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Big Freedia Is Proud to Represent the LGBTQ Community By Being Herself: ‘I Never Tone Nothing Down’

Growing up, Freedia says she saw herself in artists such as Michael Jackson, Sylvester, Dionne Warwick, Diana Ross and many others, especially gospel singers. But when Freedia saw her friend Katey Red beginning to produce and release bounce music, the rapper says she instantly knew what she wanted to do. “Katey needed some support and a support system, and so we started helping Katey and backgrounding for her,” she says. “Eventually, I started doing my own thing in 2000, and things just went a whole different direction for me.”

That “direction,” as it turns out, was straight to the top. Widely hailed as the “Queen of Bounce,” Freedia has brought the once-underground art form into mainstream consciousness with her energetic tracks and infectious personality. But as Freedia recalls, it wasn’t until after Hurricane Katrina hit New Orleans in 2005 that people began booking her in order to bring the sound of New Orleans to the public.

“People wanted me to bring a sense of home to all of the different places that people were displaced at,” she recalls. “People were really into the music and were like, ‘What kind of music is that? Oh my god, I like that music, teach me how to bounce!’ And so it just really got all over after Katrina.”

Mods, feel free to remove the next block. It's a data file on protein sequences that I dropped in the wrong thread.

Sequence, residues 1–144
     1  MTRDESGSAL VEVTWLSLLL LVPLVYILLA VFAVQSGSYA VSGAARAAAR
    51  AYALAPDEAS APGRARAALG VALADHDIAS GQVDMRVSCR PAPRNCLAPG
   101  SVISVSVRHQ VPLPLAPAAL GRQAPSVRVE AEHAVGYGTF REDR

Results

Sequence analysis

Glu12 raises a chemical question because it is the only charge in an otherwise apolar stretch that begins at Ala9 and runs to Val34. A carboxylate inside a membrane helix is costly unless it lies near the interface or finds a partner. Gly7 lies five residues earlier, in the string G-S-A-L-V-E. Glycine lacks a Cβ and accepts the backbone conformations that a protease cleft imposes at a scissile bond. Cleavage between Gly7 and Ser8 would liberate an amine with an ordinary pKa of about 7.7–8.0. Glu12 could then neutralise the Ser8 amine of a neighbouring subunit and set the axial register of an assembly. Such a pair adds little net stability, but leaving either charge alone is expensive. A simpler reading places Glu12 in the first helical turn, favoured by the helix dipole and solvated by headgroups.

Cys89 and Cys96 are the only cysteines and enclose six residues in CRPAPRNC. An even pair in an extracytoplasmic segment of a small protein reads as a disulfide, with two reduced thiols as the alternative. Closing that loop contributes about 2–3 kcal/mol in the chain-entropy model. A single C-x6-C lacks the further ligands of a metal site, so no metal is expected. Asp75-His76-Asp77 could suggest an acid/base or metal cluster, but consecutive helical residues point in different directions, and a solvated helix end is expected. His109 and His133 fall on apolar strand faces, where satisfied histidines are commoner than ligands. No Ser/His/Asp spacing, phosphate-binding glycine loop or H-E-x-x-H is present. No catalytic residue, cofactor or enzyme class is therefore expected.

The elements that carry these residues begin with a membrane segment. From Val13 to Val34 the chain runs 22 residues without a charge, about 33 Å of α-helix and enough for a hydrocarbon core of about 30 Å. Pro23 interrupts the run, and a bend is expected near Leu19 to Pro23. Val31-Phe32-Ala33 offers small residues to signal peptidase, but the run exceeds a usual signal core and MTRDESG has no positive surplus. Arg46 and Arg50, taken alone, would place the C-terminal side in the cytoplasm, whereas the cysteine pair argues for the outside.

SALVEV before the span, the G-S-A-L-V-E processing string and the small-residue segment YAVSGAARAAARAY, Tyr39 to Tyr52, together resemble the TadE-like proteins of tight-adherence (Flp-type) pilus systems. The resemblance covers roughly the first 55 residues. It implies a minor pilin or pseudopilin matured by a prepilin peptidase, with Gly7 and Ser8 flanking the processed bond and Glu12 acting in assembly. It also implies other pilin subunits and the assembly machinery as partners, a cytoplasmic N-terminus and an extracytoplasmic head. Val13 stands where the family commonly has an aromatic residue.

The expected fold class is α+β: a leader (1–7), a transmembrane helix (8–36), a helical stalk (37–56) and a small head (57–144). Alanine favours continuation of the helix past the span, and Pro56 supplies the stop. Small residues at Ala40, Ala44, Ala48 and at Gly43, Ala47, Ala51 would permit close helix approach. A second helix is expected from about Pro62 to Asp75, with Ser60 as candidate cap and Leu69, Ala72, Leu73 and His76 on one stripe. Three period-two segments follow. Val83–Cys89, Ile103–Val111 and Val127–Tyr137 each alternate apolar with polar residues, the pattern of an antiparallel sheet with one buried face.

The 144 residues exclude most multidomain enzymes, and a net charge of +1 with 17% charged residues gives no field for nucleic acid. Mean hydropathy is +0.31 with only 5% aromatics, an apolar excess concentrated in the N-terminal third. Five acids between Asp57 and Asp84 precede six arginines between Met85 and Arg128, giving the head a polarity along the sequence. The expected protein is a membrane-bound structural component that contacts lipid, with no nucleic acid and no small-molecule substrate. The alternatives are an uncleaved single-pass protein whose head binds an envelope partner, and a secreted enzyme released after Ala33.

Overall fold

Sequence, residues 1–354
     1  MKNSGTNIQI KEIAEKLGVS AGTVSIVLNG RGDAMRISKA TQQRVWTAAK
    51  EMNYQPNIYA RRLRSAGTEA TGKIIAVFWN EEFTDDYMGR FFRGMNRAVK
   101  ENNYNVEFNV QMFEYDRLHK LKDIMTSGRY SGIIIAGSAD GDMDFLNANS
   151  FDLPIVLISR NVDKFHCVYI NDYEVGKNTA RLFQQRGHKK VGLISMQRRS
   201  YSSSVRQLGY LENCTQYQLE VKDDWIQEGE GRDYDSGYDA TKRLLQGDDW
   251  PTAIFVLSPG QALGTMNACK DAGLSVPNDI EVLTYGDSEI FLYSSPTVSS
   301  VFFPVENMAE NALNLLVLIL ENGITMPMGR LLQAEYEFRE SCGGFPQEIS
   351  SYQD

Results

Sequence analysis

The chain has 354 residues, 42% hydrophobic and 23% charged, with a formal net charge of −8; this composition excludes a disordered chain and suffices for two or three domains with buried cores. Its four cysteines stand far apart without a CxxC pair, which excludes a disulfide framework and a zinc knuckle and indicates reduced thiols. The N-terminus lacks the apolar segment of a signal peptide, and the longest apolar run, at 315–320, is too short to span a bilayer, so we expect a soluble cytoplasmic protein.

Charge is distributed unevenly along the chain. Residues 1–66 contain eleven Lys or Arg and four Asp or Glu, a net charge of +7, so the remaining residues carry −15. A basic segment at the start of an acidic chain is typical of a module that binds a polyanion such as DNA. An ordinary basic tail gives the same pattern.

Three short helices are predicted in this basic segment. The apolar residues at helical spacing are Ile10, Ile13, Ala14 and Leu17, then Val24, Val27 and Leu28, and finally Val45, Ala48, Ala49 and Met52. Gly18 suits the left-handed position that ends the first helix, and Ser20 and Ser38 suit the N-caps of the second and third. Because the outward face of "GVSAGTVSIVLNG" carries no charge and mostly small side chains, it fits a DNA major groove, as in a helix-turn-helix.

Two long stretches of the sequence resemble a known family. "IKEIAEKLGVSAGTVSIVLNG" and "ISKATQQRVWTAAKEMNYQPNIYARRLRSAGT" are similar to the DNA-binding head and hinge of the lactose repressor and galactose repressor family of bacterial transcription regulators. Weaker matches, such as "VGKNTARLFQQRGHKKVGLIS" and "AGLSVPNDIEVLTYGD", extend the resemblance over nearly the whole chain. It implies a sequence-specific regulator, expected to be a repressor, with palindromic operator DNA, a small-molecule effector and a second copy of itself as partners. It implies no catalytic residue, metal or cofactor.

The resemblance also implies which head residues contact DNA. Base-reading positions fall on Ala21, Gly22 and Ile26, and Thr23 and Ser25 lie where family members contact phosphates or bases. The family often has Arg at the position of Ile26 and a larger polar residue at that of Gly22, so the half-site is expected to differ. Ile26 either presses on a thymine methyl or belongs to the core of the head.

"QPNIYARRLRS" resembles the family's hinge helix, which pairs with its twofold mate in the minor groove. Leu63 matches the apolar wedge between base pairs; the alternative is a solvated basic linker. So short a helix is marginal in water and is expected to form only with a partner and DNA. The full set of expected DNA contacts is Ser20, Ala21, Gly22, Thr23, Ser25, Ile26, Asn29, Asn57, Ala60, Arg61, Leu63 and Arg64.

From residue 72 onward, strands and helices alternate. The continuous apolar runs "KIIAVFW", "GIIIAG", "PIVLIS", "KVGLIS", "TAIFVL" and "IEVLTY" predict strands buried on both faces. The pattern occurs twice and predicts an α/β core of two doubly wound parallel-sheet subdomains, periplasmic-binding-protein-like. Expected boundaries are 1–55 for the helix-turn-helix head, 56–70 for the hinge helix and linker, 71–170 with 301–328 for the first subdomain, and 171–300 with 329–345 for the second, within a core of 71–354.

But early on in her career, Freedia says that while she was helping get the word out about bounce music, she was also struggling with the reality of homophobia in the music industry, especially when it came to getting her music in front of audiences. “We weren’t treated equally, being that we were gay,” Freedia recalls. “We were working for chump change. Over time time, things started to change, but in the beginning, it was not so easy. It was not so accepting. People were in shock that they had these gay artists out in New Orleans that’s doing bounce music and making the girls shake all over.”

Because of that struggle, the bounce superstar says that she’s become more outspoken for her community, and tries to use her platform to spread positivity wherever she can. “I see myself as a little beacon of light that comes from the struggle,” she says. “People can see my story and know my story, and know that through hard work and determination, anything is possible … I’m steady knocking down doors and breaking down barriers.”

Check out the full interview with Big Freedia above, where she discusses Pride season 2021, the effect of the pandemic on live performance, her advice for artists coming up in the industry and more.

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